Why plasma coatings are so versatile

The plasma coating process is a way of applying different metal coatings or ceramic/cermet onto specific surfaces or equipment. It is used across numerous industries, including automotive, medical equipment/device manufacturing, and microelectronics.

Plasma coating enables changes to be made to the key properties of a component. An example of this would be an aluminium roll being coated in tungsten carbide in order to increase its hardness. The key performance properties of plasma coated materials include: chemical and thermal resistance, flame resistance, optimum permeation resistance, high purity, and resistance to abrasion.

Ways in which coatings can be applied

There are four different ways in which plasma coatings can be applied: thermal spray application, plasma application, arc spray application, and HVOF application.

Thermal spraying

Thermal spraying melts the coating material using the combustion of gas with oxygen and then propels it onto the surface to form. Thermal applications enable polymers to impregnate the coating. Tungsten Carbide, Chrome Oxide, or Aluminium can be applied in this way.

Plasma application

This method uses inert gas charged with electricity. This causes an arc flame which burns at temperatures in excess of 150,000°c. Metallic/ceramic powder is then injected into the flame and sprayed onto the desired surface. This forms a dense, corrosion resistant, and abrasion resistant finish.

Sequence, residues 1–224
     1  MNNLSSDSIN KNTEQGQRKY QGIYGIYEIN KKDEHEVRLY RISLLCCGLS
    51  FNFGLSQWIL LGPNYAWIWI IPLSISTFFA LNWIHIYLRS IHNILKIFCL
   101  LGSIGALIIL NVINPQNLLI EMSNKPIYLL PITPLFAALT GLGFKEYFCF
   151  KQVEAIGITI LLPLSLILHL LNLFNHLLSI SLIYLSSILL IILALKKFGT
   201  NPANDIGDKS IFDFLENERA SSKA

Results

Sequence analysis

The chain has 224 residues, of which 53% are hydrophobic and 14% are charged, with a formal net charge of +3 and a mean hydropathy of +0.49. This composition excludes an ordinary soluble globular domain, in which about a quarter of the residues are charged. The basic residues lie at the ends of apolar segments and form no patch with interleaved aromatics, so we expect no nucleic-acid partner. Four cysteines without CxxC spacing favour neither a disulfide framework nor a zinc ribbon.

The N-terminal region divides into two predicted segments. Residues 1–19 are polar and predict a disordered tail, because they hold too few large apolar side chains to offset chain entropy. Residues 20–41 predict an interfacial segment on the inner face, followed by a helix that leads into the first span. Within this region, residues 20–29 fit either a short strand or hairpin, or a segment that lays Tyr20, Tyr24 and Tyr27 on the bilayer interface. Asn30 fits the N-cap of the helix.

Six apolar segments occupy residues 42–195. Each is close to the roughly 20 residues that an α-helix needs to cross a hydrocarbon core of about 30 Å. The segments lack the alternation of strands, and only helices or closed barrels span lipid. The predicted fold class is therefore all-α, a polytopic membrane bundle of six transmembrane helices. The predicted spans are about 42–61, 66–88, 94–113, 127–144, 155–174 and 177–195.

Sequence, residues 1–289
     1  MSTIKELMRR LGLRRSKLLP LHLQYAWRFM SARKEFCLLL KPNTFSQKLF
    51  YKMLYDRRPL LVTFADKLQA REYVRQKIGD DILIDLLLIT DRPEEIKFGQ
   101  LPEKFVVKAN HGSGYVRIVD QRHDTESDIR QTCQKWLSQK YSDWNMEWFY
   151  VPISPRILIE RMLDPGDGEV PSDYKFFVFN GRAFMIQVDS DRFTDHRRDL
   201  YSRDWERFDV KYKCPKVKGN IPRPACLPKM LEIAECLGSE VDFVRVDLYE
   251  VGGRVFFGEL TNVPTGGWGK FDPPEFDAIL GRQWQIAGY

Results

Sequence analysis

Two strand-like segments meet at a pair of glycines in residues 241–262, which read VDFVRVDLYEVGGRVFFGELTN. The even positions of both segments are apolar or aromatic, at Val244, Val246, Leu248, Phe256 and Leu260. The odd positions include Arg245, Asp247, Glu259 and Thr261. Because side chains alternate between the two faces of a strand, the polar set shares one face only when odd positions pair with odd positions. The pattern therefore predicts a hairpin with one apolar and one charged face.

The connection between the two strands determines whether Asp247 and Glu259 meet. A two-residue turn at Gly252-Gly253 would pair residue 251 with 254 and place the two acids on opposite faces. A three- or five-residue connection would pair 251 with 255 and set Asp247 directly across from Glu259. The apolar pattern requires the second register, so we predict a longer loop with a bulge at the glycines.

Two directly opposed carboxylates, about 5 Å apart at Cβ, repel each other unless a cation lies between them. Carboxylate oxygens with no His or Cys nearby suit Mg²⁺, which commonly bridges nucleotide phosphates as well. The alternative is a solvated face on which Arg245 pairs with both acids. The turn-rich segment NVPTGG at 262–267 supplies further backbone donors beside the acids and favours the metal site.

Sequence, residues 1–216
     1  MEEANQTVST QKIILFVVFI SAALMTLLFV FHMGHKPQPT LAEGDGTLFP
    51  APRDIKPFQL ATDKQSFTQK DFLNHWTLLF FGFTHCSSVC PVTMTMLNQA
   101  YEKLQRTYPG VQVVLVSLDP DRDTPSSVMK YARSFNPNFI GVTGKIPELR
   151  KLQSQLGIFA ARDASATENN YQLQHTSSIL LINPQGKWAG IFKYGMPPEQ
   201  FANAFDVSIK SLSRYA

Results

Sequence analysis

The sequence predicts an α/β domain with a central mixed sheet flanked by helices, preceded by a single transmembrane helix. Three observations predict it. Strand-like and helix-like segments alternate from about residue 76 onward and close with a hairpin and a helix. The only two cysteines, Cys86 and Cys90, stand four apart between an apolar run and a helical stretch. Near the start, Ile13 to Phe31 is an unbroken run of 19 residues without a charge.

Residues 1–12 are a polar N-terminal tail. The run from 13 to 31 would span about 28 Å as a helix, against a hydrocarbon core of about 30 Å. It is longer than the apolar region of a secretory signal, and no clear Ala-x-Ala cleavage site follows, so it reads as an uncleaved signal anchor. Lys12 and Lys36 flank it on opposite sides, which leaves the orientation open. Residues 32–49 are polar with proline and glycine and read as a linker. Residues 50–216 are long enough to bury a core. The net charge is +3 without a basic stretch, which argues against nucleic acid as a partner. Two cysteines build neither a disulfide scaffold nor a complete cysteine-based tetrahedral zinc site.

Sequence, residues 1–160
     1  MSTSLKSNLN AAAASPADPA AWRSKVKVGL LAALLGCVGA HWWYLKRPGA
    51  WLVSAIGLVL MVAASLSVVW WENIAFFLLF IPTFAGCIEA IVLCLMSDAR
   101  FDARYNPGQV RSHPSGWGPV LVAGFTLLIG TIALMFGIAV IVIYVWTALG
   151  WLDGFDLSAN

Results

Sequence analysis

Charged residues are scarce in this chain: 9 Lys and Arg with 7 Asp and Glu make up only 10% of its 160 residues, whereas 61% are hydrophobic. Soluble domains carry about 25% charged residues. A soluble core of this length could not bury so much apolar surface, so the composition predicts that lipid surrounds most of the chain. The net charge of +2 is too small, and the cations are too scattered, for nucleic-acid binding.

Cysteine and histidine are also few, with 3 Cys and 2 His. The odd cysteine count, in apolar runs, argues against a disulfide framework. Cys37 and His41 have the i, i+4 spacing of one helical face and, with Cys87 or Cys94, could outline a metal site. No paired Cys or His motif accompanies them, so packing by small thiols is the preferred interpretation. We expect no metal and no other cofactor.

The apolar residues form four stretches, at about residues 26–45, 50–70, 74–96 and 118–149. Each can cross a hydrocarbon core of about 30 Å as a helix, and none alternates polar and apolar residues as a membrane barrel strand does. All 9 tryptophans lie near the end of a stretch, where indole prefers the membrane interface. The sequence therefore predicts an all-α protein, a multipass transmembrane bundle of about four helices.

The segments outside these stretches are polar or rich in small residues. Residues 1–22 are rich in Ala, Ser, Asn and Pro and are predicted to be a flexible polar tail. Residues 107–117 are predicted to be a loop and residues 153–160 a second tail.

Market size

Despite being fairly niche, the global plasma coating market was valued at over $9bn in 2018, with the North American region accounting for the majority.

Expert firms

There are a number of companies with websites outlining the thermal plasma spray treatments they can provide, such as the example seen here: https://www.poeton.co.uk/advanced-treatments/apticote-800-thermal-plasma-spray/.

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Arc Spray

The arc spray process uses two metallic wires with opposing polarity, which are electrically charged and forced together. This causes the wire to get hot and melt. The molten material is then atomised and sprayed onto the surface. A variety of roughnesses and thicknesses can be achieved with this method by altering the amps used and wire feed speed.

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High Velocity Oxy Fuel (HVOF)

The HVOF process involves mixing gas and oxygen and then igniting it inside a specialist combustion chamber. This produces a high-pressure gas stream. This is then used to transfer the powders (metallic or ceramic) at supersonic speed, melting the materials and making them hit the surface at immense velocity. This method produces a finish that can be ground and polished to a high specification.

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